Study objective: To determine the ability of children
and adolescents to meet the American Thoracic Society (ATS) goals for
spirometry quality that were based on results from adults.
than 4,000 public school students, ages 9 to 18 years.
Measurements: Spirometry was performed annually for 3
years, with the recording of maneuver quality measures of forced
expiratory time, end-of-test volume, back-extrapolated volume, and time
to peak expiratory flow (PEFT), and the recording of differences
between best and second-best FVC, FEV1, and peak expiratory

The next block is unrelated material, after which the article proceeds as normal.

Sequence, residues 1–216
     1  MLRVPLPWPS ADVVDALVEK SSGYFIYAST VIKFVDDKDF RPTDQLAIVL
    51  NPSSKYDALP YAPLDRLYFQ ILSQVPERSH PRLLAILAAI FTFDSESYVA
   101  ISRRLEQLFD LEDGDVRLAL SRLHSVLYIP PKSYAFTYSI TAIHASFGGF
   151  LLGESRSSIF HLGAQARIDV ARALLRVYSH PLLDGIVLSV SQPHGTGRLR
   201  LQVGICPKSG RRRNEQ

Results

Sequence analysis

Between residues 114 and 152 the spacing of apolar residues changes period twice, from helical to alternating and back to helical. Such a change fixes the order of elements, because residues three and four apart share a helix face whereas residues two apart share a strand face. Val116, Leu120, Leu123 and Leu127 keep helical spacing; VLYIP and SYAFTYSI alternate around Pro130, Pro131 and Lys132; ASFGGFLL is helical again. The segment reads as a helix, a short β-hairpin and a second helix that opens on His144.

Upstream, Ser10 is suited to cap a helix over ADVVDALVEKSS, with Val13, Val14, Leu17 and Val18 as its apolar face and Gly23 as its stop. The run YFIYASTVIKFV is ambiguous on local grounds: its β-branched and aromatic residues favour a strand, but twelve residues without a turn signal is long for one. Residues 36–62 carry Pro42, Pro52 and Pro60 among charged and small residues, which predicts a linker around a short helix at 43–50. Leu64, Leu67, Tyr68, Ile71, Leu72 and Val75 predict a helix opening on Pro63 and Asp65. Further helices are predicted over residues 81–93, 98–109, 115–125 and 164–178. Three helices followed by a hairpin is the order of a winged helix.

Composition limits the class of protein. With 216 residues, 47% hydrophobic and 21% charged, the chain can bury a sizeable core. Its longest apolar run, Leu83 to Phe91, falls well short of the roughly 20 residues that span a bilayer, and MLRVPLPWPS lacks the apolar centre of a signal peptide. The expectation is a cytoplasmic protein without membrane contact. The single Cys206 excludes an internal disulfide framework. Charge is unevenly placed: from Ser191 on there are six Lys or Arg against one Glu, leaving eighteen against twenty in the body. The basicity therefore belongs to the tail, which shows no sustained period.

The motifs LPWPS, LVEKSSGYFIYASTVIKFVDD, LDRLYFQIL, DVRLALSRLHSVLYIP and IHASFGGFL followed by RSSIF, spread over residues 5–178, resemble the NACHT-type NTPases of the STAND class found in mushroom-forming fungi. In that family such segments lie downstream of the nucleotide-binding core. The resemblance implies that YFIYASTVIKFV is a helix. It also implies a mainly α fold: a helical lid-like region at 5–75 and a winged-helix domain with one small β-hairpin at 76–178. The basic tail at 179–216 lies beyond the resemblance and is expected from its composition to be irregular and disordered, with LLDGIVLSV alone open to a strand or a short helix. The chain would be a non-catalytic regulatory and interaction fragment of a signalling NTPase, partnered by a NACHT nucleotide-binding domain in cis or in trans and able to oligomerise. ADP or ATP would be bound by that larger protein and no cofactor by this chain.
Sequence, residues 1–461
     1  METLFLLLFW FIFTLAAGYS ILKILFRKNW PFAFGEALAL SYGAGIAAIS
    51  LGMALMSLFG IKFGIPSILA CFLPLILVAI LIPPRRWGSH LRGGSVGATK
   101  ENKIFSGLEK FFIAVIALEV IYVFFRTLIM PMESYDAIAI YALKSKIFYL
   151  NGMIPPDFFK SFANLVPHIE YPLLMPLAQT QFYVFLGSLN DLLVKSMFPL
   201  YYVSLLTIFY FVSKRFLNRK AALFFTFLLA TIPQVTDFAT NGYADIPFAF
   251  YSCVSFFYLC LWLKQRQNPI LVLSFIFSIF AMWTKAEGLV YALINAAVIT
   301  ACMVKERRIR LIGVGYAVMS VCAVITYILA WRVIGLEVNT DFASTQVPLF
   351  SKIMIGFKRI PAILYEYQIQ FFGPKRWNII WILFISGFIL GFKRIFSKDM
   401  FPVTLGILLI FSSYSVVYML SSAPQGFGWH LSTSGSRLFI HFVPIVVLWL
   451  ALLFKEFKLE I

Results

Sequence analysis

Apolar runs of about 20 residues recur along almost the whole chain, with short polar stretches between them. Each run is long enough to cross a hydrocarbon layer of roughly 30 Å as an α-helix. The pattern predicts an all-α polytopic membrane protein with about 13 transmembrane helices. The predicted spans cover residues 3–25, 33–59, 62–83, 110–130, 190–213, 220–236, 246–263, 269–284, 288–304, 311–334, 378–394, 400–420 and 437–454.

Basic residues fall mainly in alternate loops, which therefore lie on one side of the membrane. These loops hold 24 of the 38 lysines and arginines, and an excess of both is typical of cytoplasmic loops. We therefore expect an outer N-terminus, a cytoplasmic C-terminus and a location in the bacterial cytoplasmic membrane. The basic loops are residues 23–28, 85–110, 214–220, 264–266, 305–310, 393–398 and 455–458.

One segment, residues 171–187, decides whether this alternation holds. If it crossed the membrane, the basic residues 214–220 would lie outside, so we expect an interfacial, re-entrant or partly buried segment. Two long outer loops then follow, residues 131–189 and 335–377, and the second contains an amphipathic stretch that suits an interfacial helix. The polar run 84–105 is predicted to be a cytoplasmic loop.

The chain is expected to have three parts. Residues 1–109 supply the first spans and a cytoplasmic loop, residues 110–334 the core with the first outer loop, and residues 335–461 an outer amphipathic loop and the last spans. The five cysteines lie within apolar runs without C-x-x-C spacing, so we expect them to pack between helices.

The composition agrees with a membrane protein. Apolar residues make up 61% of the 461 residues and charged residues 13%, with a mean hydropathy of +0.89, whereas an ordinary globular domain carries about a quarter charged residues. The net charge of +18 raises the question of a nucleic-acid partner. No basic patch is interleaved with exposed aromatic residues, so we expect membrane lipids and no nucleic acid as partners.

flow (PEF) values.
Results: Regression analyses showed
significant influences of participant age, gender, ethnicity, size,
clinical status, and previous testing experience, as well as
differences among individual test technicians. In general, these
influences were small and explained little of the variance in
performance. On average, children with a history of asthma or wheeze
performed better quality spirometry than did others. Only PEFT improved
significantly from year to year. Overall, only 15% of girls’ tests
and 32% of boys’ tests met the PEFT criterion derived from adults in
the Lung Health Study.
Conclusion: Most of the
children met adult-based ATS goals for spirometry test performance. Age
group-specific criteria are needed to ensure adequately fast PEFT and
reproducible PEF values.